As many states move toward re-regulation, we speak to commissioners in Illinois, Missouri, Pennsylvania, Texas, and Virginia to learn how policies are evolving—and how far the regulatory shakeup...
CEO Roundtable: Debating The Boucher Bill
Utilities consider imposing a retail surcharge to fund clean-tech R&D.
and certainly is less polluting than gasoline and diesel. So there are things that could be done in the near term, including expanding the use of natural gas vehicles until we get to the point where a plug-in electric vehicle is the way to go.
Morris: I don’t think one ought to push the other out of the marketplace. There’s room for both of them, and collectively that is a way to get liquid fuels out of the transportation sector.
Fortnightly: If you had a single wish for clean energy technology, what would it be? Another way of asking the question: What are your top priorities for funding energy technology RD&D?
Izzo: I’m not smart enough to answer that question. I am smart enough to say, ‘Give me the right price signal and let all the entrepreneurs and creative people out there provide me with the products that I as a service delivery agent can choose from to provide safe, clean, reliable electricity to our customers at the lowest possible cost.’ I think we have to avoid the pitfall of picking the technology winner. Let the market choose the most creative alternatives. Give me a carbon price and the rest will follow.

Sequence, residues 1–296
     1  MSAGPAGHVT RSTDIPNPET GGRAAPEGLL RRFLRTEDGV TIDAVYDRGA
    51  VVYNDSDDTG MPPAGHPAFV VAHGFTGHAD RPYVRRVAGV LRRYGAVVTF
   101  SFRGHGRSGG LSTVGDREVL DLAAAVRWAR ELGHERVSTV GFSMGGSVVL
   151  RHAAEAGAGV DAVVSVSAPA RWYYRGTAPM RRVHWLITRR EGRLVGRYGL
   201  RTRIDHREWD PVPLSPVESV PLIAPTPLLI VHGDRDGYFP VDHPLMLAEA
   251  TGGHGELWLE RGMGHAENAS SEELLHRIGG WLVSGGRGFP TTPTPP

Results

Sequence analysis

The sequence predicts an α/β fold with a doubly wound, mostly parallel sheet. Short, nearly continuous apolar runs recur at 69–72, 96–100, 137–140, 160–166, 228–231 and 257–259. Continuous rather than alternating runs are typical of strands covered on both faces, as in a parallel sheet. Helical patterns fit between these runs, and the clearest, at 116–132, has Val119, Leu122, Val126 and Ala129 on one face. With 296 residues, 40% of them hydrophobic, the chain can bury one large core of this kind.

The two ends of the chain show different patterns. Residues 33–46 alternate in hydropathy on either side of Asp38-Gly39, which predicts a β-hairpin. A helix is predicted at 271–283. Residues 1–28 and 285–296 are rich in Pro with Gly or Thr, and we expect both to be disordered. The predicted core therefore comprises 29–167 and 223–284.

Chesser: If you were to pin me down and say, ‘You’re in ’Vegas, put your bet on the roulette wheel for the technology that will have the highest payoff,’ I’d say, ‘Give me improved battery-storage technology and improved cost of solar.’ Those are the two things that would have the greatest quantum impact on what we’re trying to achieve.
Catell: I think it’s all of the above, and yes, let the marketplace decide. But certain things can have a greater impact in the short term—perhaps conservation, efficiency, renewable technologies and batteries. And some things will be absolutely essential, like CCS. It’s both a short- and long-term situation. It’s all of the above, and the market will decide.
Morris: I’m a pragmatist and I’d wish for CCS technology, because without that we’ll never get a carbon price, which I really do agree with. Unfortunately, there may well be a groundswell on the international nature of [climate change]. Considering the economic impact, compared to all the other things that are affecting Mom and Dad at home, there will be enough votes to frustrate this from going forward if we don’t get started. [Enacting the Boucher bill will allow us to] stand in front of elected officials and say, ‘We’re already on the road to developing and deploying the technology that will allow us to accomplish this.’